E-cigarette was once deemed as a safer  alternative to cigarettes. But recent regulations imposed by various governments around the world make people think twice about the use of the product. For some, however, e-cigarette ban is harsh—even monstrous.

The debate on the use of e-cigarettes has led to a public hearing through a Senate inquiry in Sydney on Wednesday. Former smokers have been invited to give evidence that “vaping safer e-cigarettes” has helped them quit their long-term smoking habit.

The inquiry, according to Australian Associated Press and reported by News.com.au looked into the lives of smokers who consider e-cigarette as vital in kicking the habit out of their system. But to their dismay, the ban made them look like “criminals.”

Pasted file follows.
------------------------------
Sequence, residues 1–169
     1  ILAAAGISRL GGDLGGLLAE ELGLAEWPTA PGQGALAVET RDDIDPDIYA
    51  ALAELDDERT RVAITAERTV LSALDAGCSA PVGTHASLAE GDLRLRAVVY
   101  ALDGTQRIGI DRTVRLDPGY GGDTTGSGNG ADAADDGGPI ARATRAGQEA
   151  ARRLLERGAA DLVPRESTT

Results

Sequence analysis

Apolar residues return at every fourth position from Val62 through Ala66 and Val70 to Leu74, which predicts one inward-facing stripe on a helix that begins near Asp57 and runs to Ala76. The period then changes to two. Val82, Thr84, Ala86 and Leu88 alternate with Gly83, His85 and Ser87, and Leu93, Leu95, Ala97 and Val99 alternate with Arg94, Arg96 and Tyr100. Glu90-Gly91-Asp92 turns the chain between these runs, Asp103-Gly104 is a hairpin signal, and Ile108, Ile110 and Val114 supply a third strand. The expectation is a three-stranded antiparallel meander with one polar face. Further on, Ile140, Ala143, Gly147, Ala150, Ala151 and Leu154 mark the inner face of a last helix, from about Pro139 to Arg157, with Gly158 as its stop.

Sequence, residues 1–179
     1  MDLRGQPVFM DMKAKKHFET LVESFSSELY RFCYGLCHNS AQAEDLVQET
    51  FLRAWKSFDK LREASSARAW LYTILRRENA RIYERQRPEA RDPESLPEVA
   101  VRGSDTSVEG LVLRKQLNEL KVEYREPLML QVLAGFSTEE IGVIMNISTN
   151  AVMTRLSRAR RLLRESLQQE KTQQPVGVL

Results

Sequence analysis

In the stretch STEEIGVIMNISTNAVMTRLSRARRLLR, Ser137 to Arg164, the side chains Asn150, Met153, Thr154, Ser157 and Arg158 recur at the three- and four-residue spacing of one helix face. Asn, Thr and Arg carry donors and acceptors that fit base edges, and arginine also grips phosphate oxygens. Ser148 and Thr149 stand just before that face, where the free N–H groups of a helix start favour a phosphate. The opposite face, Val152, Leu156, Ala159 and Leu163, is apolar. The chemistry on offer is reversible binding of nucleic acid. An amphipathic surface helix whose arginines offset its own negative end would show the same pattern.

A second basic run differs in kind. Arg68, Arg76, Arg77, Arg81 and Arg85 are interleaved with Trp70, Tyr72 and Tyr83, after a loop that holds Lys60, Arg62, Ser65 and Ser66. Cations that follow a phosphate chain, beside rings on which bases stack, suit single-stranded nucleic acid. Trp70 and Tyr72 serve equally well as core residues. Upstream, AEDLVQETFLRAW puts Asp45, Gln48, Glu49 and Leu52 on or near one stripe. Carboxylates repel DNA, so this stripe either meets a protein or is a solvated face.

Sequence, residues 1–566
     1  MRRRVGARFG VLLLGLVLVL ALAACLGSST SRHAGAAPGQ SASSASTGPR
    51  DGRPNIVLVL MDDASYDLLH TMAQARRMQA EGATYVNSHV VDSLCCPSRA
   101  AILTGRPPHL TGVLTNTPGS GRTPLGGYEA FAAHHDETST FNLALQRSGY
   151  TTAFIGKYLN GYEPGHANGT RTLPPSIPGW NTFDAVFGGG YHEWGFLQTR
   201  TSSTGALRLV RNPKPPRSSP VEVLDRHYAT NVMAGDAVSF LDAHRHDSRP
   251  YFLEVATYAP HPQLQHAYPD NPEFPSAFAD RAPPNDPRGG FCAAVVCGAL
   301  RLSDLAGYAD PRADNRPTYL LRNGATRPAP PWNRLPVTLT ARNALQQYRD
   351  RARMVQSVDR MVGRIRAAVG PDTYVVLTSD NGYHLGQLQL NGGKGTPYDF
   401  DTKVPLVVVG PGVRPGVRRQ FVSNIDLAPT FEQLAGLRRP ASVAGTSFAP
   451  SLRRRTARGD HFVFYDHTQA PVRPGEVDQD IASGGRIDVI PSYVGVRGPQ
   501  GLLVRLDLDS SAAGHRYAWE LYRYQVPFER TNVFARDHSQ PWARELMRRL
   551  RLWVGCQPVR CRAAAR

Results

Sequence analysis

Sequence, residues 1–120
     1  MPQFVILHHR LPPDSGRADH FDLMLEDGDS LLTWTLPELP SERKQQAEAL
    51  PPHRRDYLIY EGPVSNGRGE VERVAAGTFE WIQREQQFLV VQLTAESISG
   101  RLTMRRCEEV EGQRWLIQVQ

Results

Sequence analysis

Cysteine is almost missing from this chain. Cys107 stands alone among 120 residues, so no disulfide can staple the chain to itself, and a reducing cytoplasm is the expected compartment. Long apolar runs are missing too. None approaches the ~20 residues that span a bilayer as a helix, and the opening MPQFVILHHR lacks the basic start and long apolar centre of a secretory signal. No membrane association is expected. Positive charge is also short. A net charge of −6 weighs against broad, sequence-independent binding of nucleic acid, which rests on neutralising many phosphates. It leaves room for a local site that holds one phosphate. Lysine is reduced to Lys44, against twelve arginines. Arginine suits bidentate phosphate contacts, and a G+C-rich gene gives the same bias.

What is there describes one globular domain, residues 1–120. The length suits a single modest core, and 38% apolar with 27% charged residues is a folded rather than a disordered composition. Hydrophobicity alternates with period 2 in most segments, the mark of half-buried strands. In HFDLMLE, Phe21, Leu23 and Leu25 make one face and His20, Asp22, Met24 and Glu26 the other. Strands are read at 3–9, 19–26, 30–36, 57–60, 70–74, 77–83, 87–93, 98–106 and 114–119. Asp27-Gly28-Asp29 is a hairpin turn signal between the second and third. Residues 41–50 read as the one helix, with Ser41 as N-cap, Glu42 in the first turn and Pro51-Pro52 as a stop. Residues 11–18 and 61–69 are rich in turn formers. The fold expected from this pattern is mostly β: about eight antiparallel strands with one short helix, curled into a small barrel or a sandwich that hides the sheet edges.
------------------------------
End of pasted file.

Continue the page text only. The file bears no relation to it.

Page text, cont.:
Angela Gordon, 54, was a chain smoker for 35 years. She had numerous failed attempts at quitting until she began to use an e-cigarette. The product she ordered online made her never to pick up a cigarette again. She is now, according to her doctor, a “former smoker.”

“Unfortunately, my government considers me a criminal,” said Gordon. “My crime is that I quit smoking the wrong way,” she told the public hearing.

Now the state also considers her a “trafficker,” as the nicotine used in her e-cigarette is classified as a Schedule 7 “dangerous poison.” The sale and possession of it is illegal.

Various countries and states around the world have different laws and ordinances about the use of e-cigarettes. Two-thirds of the world has regulated e-cigarettes as of 2015.

BBC reports, for instance, that a Liberal Democrat in the Welsh government has failed in hid bid to scrap the e-cigarette ban on Tuesday. A final vote on the Public Health Bill will take place next week to determine if the e-cigarette ban would push through by spring of 2017.